Robert G. Romasco, M.B.A., of Burke, Va., was elected by the board to serve as AARP president for the 2012-2014 biennium.
"I grew up in Boston. My dad died before I was born. So my mom had to raise my sister and me with part-time work and checks from the Social Security survivors benefits fund, which, as I grew older, I came to understand was the difference between eating and not eating.
"From there, I went to college and worked in business for four decades. And in my spare time was able to convince one person to marry me and stay with me for 37 years. We have two kids. And that's probably the smartest thing I ever did!
"I started out in public opinion polling for a local firm in Boston. I'm so old that the major information gathering was door-to-door interviewing.
"One of the hallmark things we did came in 1969 after Sen. Edward Kennedy drove off the bridge. We had the polling contract for The Boston Globe. Our polling director said, 'Gee, wouldn't it be great if we could conduct a poll and find out what the voters of Massachusetts thought?'
"Door-to-door interviewing would take six to 12 weeks. I said, 'Why don't we try doing it by telephone?' So within 24 hours, I had organized a telephone interviewing force. Literally, I had people in my home kitchen.
"In four days, we did a poll. We published it in The Boston Globe. The voters were actually very sympathetic to Kennedy.
"That revolutionized information-gathering. We built a regional polling firm. I left there and went to business school and then worked in different corporate environments over the next 35 years.
"[At one point], I took a one-year sabbatical. That was very significant, because I stayed at home and did consulting. I actually got to see my kids go to school. I got to see them come home from the bus. I said, 'Oh, this is pretty important.'...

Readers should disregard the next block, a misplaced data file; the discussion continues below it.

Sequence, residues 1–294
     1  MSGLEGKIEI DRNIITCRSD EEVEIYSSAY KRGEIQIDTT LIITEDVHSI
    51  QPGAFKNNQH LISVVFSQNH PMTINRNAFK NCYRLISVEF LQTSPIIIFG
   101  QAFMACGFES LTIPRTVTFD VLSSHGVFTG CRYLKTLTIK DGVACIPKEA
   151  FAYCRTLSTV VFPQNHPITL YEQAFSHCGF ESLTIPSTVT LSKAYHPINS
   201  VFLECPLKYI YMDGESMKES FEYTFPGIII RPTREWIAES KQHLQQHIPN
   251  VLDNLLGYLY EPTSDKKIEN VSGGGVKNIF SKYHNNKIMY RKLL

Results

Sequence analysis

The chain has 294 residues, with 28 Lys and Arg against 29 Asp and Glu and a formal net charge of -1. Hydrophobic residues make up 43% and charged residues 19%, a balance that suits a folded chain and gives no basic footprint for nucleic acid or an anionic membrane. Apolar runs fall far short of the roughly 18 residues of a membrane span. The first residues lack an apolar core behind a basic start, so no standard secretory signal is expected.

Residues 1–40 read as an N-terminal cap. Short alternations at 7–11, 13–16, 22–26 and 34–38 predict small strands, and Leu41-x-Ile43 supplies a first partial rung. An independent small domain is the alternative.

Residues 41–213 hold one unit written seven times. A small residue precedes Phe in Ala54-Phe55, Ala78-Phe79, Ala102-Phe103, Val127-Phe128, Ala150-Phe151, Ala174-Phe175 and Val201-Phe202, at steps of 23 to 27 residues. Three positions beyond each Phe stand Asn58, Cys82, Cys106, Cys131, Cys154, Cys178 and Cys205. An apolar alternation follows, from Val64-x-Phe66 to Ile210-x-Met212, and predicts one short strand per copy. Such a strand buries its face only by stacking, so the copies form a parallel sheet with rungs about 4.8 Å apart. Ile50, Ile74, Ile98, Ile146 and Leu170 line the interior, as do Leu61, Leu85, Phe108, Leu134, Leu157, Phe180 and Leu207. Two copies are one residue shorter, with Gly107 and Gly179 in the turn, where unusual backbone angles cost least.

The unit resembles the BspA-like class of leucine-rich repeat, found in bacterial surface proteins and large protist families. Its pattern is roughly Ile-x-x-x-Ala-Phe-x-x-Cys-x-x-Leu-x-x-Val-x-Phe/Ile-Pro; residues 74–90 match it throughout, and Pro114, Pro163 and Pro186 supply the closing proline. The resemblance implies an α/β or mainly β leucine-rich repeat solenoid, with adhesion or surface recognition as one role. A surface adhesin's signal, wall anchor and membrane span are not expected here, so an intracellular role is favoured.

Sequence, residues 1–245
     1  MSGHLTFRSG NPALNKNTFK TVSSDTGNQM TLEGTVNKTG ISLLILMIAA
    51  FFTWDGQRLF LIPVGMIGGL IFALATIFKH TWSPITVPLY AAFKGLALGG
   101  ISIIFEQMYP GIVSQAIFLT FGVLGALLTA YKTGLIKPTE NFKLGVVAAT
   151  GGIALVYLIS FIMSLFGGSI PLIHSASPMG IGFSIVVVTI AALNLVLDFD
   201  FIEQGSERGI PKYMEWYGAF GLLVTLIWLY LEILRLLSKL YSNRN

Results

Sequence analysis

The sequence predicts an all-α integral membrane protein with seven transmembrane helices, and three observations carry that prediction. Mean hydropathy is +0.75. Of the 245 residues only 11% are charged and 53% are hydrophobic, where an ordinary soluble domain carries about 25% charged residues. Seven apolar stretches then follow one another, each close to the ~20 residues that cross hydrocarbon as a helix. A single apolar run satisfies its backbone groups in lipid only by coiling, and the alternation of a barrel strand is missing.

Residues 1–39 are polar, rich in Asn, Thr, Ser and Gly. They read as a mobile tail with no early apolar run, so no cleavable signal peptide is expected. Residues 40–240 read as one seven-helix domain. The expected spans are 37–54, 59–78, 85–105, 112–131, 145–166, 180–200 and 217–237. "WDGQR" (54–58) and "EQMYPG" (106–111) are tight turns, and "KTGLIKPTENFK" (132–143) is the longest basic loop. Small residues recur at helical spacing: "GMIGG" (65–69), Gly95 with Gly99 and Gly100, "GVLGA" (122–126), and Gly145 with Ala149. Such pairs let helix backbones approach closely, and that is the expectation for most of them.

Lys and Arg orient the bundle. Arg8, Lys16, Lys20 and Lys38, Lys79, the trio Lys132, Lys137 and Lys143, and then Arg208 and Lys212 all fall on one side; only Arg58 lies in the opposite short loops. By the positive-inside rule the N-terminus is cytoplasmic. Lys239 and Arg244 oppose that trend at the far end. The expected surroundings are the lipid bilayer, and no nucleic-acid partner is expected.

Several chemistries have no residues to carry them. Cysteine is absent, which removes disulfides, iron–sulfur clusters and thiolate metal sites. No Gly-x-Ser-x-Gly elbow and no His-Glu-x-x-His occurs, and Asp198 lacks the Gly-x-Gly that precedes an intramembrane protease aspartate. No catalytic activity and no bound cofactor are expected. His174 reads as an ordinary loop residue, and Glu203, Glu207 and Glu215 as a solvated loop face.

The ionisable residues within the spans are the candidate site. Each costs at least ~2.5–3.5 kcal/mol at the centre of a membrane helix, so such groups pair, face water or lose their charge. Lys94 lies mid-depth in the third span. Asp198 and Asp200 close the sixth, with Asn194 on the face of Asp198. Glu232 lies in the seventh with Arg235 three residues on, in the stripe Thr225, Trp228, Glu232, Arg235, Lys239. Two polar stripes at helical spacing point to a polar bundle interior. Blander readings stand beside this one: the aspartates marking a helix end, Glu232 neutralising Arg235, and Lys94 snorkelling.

"... I was in a serious boating accident that was life-threatening. It changes the way you think about life. I was very fortunate. I survived. Broken jaw, punctured lung, pretty mangled up. An experience like this basically says you've been given a gift. If those three young men hadn't seen this boat empty in the lake and looked for the person [who] was drowning and pulled me out, we wouldn't be having this conversation today.
"So that says to you, why are you here? Are you doing all you can with the gifts you were given? I've been blessed beyond anything. My mom was terrific. I was the first person in my family to go to college. Went to the finest business schools in America, supported by the government through National Defense student loans.
"The fundamental question that we all ask is 'Did it matter that I was here?' So whenever I'm in a situation, I try to ask that question, and make sure that I'm contributing in any way I can. It's not about you. It's about how you help those around you.
"The satisfaction, the fulfillment, the sense of 'it does matter that you were here' is most evident when you give to others. The feedback, the renewal you get when you do that is extremely nourishing. It's an interesting closed system of investment, return and fulfillment."
M.B.A., Harvard Business School; B.A., history, Brandeis University
Strategy, marketing, brand development and organizational change
Former senior vice president of customer, distribution and new business development, QVC Inc.; executive vice president and chief marketing officer, CIGNA Inc.; president and chief executive officer, J.C. Penney Direct Marketing Services, including a profitable launch of international business units in the United Kingdom, Korea and Japan; senior vice president, American Century Investments; director of strategic customer development for Corporate Decisions Inc., and chief financial officer of Epsilon, a pioneer in the database marketing industry.
Formerly served as AARP board secretary/treasurer and chaired the Audit and Finance Committee. Former member, board of directors, AARP's Andrus Foundation. Former chair, board of deacons, Second Congregational Church, Boxford, Mass.
Other: He served on the outreach council, Bryn Mawr Presbyterian Church, Bryn Mawr, Penn. Has also served on the advisory board of the Eugene Bay Foundation.